March 25, 2000
Philadelphia is being shipped - piece by piece - to wherever there's an insatiable demand for decorative items from old houses. That's how Daily News staff writer Scott Flander described the widespread theft of Philadelphia wrought-iron fencing, ornamental grates, brass doorknobs and front-door lights, even cobblestone streets and brick sidewalks. These are stolen, for the most part, by street people or others on the edge of society who pick up a few bucks from dealers and others specializing in antiques.
September 7, 1986 |
The Edgewater Park Township Committee has introduced an ordinance that would amend the community's zoning regulations for fences and will consider passage of the ordinance at its monthly meeting Sept. 17. One section of the ordinance would prohibit so-called privacy fences, or solid fences of any sort, in front yards. Forbidden would be any fences that are not at least 50 percent "open," allowing a view of the yard from the other side of the fence. Township administrator D. Robert Heal said this provision also would bar the insertion of plastic slats in chain-link fences in front yards.
June 21, 1989 |
In the last three months, Mantua Township has approved three ordinances that officials have said were needed to control the problems of population growth. They are a law controlling use of all-terrain vehicles, one to regulate shooting and a third designed to save the trees on lots under development. Now the township is dealing with fences. Specifically, Mantua committeemen at their meeting June 13 presented an amendment to the zoning code that would lift the 4-foot limit allowed for property fences.
February 26, 1987 |
Homeowners in Haverford will be allowed to put up 6-foot solid fences if their neighborhoods are contiguous with commercial districts. The township previously allowed 6-foot fences, but the top 2 feet had to be open. Residents not contiguous with commercial districts still will be prohibited from building solid fences. The new ordinance was passed 6-0 by the Board of Commissioners on Monday night without discussion. Several residents living near commercial areas who were upset over the lack of privacy had pressed for the measure.
June 8, 1987 |
"Maybe I shouldn't say this," I began. Carole Shorenstein Hays interrupted me with a nervous laugh. "Please don't," she said. And I didn't. We'd been on the phone hardly 10 minutes last week, but she knew what I was going to say. I was about to tell her that Fences would surely win the Tony Award for best play. I hesitated because theater people tend to be superstitious, to the extent that you're not even supposed to wish them good luck. I could have asked what she would wear to the Tony Award ceremonies last night (a maternity dress designed by Pauline Trigere)
September 11, 1986 |
It appeared to be a simple request before the Cheltenham Township Zoning Board: Some residents wanted to build a 6-foot-high fence around their back yards. The residents, many of whom purchased houses in a recently completed development called Homes of Elkins Park near two busy streets, Washington Lane and Ashbourne Road, said they wanted to keep the public from "invading their privacy. " "People can look right down your throat," said Graham Murphy, who lives on the 7800 block of Caversham Road.
May 27, 2004 |
Jose Guillen apologized to his Anaheim Angels teammates yesterday, two days after ripping them for not backing him up after he was hit by a pitch. Guillen went on a profanity-laced tirade after the Angels' 6-5, 10-inning loss to Toronto on Monday. The Angels were off Tuesday. Guillen apologized yesterday during a team meeting, and manager Mike Scioscia said the outfielder initiated the session. "I just want to apologize to my teammates and the whole organization for those comments," the leftfielder said.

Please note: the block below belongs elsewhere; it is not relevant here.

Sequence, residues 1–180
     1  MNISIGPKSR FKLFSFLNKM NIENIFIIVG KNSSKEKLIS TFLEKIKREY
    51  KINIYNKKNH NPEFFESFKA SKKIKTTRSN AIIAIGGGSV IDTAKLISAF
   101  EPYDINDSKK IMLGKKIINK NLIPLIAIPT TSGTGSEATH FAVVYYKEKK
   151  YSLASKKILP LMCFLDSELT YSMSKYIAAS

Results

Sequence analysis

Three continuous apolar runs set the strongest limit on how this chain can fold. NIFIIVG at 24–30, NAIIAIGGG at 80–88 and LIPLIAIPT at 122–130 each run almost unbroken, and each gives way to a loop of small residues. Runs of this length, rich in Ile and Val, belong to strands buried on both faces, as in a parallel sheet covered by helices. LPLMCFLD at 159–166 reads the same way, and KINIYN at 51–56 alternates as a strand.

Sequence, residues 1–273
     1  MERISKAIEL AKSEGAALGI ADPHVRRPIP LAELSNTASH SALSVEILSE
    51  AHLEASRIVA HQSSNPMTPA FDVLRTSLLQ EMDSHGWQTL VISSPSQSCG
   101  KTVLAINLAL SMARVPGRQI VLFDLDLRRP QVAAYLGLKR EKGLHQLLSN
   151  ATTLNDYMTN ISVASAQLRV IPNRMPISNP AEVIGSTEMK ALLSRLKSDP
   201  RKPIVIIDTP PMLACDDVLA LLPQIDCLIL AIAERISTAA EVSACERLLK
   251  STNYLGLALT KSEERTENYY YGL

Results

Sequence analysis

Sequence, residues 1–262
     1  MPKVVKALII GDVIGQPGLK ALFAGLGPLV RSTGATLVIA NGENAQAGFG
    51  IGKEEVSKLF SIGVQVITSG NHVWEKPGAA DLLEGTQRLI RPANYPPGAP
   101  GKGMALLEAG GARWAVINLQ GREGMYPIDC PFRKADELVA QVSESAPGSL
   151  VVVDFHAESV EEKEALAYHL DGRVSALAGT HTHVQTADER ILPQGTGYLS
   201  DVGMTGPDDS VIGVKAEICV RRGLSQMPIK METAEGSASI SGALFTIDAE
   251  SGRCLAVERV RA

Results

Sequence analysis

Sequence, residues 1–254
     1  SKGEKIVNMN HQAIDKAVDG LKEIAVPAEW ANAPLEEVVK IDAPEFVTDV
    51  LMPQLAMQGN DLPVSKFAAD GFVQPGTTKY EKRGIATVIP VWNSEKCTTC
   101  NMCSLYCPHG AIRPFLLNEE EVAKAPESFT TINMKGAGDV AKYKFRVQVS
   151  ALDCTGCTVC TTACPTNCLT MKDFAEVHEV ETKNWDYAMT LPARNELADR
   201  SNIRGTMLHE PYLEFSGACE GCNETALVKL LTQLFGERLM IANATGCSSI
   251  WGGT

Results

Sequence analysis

September 17, 2014 |
As someone who grew up with only a sister, plays about brothers (like True West ) have never spoken to me. But plays about fathers and sons? Hoo boy. So take it with the smallest grain of salt when I say People's Light and Theatre Company's staging of August Wilson's Fences is one of the best productions I've seen in years. No small part of this success stems from Wilson's Tony and Pulitzer Prize-winning script, whose conflicts could have constituted three separate plays.
October 7, 2009 |
The fences at Daytona and Talladega will be raised from 14 to 22 feet following a safety analysis conducted after Carl Edwards' airborne flight into the Alabama track's safety barrier. A wreck on the last lap in April's race at Talladega sent Edwards sailing into the fence. It bowed, but held and his car shot back onto the track. Debris from the accident injured seven fans in the stands, the most serious a broken jaw suffered by a teenage girl. The frontstretch fence at Talladega will be raised before the Nov. 1 race, and the backstretch will be completed during the offseason.
March 28, 1987 |
James Earl Jones in "Fences," a new drama by August Wilson. Directed by Lloyd Richards, set by James D. Sandefur, costumes by Candice Donnelly, lighting by Danianne Mizzy. Presented at the 46th Street Theatre, 226 W. 46th St., New York. The so-called "magic moments" come all too seldom in the commercial theater. It happened Thursday night at the Broadway opening of August Wilson's "Fences," a drama about a black laboring man of the 1950s with a macho problem. In one of the few quiet times in a play taken most of the evening at full cry, James Earl Jones modulates his rich voice to an unselfconsciously intimate hush in conversation with his stage wife, Mary Alice, as they sit together on the back steps of their forlorn little house against a skyline that clearly spells Pittsburgh.